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PERSPECTIVE: Making Sense of TSA’s Higher Firearm Detection Rate

The Transportation Security Administration (TSA) reported that between March 22 and April 22 of 2020, 58 firearms were seized in passenger carry-on baggage. This compares to 346 firearms during the same period last year. When the TSA started crunching the numbers, they found that 1.24 firearms were detected per 100,000 passenger screenings this year, compared to 0.46 firearms detected per 100,000 passenger screenings in 2019. Is this a moment for celebration, or a cause for concern? The TSA has so far offered no explanation.

Comparing 2019 and 2020 air travelers is like comparing apples and oranges; they are both fruit, but the similarities end there. The COVID-19 pandemic has reduced air travel by more than 90%. Assuming the same mix of travelers in 2019 are traveling today is unrealistic. Groups that are likely not traveling today include seniors, families with small children, and vacationers. This demographic were unlikely to bring firearms to airport security checkpoints in 2019, and are not traveling at all in 2020. Removing such travelers from the 2019 firearms detection rate would result in a higher 2019 detection rate amongst likely travelers in 2020. Moreover, given the change in demographics of travelers today compared to 2019, if just one fewer firearm had been detected per day this year, then the rate of firearm detection per 100,000 passenger screenings would drop to 0.58, which is more in line with the 2019 rate. This highlights the sensitivity of the demographics on the statistics being reported.

Red teams have probed airport security checkpoints and found that TSA screeners frequently miss weapons hidden in passenger baggage. TSA screener distraction and fatigue are the likely cause of such errors. Screening as many as 150 items per hour places significant strain on screeners, resulting in items missed. It is unlikely that the 4,432 firearms detected by TSA screeners in 2019 were the only firearms carried to airport security checkpoints. It is reasonable to say that an unknown percentage of firearms passed undetected. Given that the number of screenings has dropped by more than 90% in the past month, there are fewer distractions and less fatigue, resulting in higher firearm detection capabilities and performance.

One benefit of the statistics reported by the TSA is that they can be used to assess the performance of TSA screeners. Assume for a moment that the demographics of travelers are essentially the same today as they were in 2019, and that the TSA has detected all firearms in 2020, given reduced screener distraction and fatigue. If the increased firearm detection rate is attributable solely to higher TSA screener performance, then the ratio of 0.46 to 1.24, or 37%, would represent the percentage of firearms detected in 2019, or 63% of firearms missed. This value is consistent with the miss percentage reported by red teams.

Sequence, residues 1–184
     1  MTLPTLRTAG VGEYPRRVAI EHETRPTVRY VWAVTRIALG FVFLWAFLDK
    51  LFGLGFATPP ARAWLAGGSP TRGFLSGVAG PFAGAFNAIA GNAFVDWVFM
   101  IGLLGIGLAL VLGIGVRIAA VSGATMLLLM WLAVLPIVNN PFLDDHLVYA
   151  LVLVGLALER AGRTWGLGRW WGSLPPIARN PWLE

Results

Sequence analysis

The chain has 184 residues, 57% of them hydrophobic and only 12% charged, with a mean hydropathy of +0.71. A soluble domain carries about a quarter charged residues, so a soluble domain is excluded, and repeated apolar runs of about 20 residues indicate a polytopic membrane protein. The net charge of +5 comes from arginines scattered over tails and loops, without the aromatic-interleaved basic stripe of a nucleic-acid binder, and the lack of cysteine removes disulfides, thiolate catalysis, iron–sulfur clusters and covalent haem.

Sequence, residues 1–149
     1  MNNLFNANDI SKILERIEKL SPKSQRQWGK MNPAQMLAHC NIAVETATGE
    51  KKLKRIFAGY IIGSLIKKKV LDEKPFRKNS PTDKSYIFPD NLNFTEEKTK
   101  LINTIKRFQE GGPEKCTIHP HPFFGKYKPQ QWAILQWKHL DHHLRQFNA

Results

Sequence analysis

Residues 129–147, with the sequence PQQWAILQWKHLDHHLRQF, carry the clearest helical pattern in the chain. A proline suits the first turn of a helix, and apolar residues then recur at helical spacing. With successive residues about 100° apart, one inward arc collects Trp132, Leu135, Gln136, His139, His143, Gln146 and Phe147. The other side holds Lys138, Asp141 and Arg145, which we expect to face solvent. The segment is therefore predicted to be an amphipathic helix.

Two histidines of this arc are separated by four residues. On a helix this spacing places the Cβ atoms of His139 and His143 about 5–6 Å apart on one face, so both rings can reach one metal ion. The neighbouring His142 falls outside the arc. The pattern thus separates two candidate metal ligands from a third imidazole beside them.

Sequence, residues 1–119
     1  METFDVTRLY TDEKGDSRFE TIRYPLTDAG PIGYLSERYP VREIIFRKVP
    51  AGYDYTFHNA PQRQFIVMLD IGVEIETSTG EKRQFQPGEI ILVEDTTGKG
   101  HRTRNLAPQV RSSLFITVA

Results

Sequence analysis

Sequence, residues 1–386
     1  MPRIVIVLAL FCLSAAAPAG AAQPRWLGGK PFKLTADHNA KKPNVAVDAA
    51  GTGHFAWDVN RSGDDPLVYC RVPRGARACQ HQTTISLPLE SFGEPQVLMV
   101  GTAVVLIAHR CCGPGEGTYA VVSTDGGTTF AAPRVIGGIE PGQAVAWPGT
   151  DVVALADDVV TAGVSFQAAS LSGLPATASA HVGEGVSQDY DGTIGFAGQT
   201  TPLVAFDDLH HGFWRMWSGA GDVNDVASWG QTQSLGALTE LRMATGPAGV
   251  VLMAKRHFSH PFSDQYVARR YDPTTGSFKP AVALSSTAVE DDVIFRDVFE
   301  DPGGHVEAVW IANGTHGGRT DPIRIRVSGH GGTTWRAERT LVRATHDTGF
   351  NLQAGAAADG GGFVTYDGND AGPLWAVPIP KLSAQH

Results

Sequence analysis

In February, a Government Accountability Office review found that TSA had not documented its process for monitoring screener training compliance. As a result, TSA agreed to begin monitoring trends in noncompliance at individual airports, an action it expected to complete by June 30, 2020. The unprecedented travel situation may have thrown a spanner in the works for meeting this deadline, given that operations are far from normal, although the lower passenger throughput will afford more time for monitoring.

Statistics offer the opportunity to uncover information and reveal insights into a system, and these firearm detection rates – and reasons for them – need closer attention. As air travel ramps up over the next year, and the broad demographic of travelers return, firearm detection rates will likely revert to what they were in 2019. Should air travelers be concerned? No more so than they were in 2019.

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Sheldon H. Jacobson, PhD, is a Founder Professor of Computer Science at the University of Illinois at Urbana-Champaign. He applies his expertise in data analysis and risk assessment to evaluate and inform public policy. He is an active member of the Institute for Operations Research and the Management Sciences.

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